NATIONAL NEWS (CNN) — After dumping more than a foot of rain in at least one location, Tropical Depression Beryl continued to soak the South on Tuesday, prompting flood watches and warnings from Florida to North Carolina.
Through Tuesday morning, the town of Midway, Florida, about 12 miles west of Tallahassee, had received a total of 12.65 inches of rain from Beryl, according to the National Weather Service.
Other notable storm rainfall totals include more than 8 inches in Cooks Hammock, Florida, about 73 miles northwest of Gainesville; and 6 inches in Branford and Arlington, Florida. The 3.25 inches measured in Gainesville broke a daily record, the weather service said.
As of about 11 a.m Tuesday, the center of Beryl was about 55 miles north-northeast of Valdosta, Georgia, and about 115 miles west-southwest of Savannah. Its maximum sustained winds were at about 30 mph with higher gusts.
Beryl was moving northeast at about 5 mph, and was expected to head toward the coast of South Carolina before pushing back out to sea.
"Some strengthening is likely as Beryl approaches the coastline and accelerates on Wednesday, when Beryl could regain tropical storm status," the National Hurricane Center said Tuesday.
Beryl was expected to produce 5 to 10 inches of rain over northern Florida and southeastern Georgia, with maximum amounts of 15 inches possible in some places, forecasters said. In eastern South Carolina and North Carolina, Beryl is forecast to drop 3 to 6 inches of rain.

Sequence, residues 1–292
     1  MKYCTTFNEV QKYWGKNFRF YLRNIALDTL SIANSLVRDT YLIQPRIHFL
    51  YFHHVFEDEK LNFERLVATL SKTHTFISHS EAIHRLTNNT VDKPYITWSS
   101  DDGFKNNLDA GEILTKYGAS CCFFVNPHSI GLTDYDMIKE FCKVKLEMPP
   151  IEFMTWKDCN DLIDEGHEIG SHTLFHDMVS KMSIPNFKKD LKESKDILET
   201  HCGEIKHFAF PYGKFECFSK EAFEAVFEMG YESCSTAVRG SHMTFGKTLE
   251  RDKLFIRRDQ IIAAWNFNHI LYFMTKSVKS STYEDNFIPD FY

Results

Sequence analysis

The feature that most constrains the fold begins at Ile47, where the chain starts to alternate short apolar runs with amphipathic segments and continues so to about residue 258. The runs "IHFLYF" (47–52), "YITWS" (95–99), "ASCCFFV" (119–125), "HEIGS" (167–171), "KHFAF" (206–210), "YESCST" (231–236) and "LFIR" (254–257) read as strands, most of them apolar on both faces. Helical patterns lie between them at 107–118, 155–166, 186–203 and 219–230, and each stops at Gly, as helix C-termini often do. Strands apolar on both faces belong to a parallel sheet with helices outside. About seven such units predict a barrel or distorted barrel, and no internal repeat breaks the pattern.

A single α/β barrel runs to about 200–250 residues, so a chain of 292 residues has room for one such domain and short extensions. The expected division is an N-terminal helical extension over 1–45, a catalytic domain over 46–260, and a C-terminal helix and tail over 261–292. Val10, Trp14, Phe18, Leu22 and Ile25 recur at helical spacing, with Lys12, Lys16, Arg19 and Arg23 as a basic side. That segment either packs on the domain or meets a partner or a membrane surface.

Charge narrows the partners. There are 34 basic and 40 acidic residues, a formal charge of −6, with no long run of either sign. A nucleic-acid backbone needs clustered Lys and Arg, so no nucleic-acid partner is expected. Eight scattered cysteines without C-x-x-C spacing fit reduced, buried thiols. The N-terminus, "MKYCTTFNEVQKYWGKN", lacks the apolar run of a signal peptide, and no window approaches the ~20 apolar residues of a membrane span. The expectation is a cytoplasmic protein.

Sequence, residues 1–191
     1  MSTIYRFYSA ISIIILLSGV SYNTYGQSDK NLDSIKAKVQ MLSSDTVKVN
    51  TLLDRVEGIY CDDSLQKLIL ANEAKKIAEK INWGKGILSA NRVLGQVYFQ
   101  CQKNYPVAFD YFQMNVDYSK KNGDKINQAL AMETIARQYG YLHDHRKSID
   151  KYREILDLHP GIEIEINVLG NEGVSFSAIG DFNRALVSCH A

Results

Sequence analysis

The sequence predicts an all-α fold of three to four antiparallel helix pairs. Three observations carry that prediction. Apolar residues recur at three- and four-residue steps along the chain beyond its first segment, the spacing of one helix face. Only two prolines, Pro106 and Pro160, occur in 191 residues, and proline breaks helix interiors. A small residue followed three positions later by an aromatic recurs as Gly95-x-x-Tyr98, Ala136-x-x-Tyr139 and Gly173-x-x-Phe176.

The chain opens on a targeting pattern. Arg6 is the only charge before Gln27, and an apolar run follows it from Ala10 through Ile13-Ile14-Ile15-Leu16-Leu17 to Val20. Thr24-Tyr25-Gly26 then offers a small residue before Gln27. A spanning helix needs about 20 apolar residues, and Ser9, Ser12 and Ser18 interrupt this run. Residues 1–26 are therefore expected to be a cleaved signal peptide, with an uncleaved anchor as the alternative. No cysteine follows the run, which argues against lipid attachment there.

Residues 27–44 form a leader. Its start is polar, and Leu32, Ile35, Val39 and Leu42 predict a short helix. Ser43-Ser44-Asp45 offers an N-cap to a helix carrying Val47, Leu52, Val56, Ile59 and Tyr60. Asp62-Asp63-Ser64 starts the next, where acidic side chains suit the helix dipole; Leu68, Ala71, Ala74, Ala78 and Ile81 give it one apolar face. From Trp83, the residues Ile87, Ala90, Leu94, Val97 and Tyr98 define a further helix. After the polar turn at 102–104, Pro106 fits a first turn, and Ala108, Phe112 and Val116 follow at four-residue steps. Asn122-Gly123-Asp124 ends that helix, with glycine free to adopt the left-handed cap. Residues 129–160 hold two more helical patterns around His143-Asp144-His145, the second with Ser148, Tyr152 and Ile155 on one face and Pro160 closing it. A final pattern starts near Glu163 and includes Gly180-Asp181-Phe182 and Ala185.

"There are still going to be some wind gusts in the 30- to 40-mph range," at least for about 12 to 18 more hours, CNN meteorologist Sarah Dillingham said. Areas including the Outer Banks of North Carolina could see heavy rain, she said.
Dangerous rip currents remained possible from northeastern Florida to North Carolina, the hurricane center said.
Flash flood and flood watches were posted on the South Carolina and North Carolina coasts Tuesday. Flood warnings, watches and advisories remained in effect for parts of Florida and Georgia.
However, the rain is much-needed in the region. According to the University of Nebraska Lincoln, which tracks drought nationwide, areas of Florida, Georgia and South Carolina are under drought conditions ranging from "severe" to "exceptional."
"We welcome the rain," said Lisa Janak Newman, a spokeswoman for the Georgia Emergency Management Agency.
No counties had requested assistance or reported damage from Beryl, she said, "It hasn't caused too many problems so far."
In Jacksonville, Florida, the Matthews Bridge, which connects the city with the suburb of Arlington, remained closed Tuesday, according to CNN affiliate WJXT.
And Susan Newton, who delivers newspapers in Jacksonville's Riverside area, told WJXT that she was surprised that some dismissed Beryl, recounting her efforts battling high water.
"I've been through four hurricanes out here in the 23 years I've done this," she said. "(I've) never seen anything like this, ever, and it was only a tropical storm. I was so surprised they were like, 'Oh, it's not a big deal.' It was a big deal."
-- CNN's Ashley Hayes and Dave Alsup contributed to this report.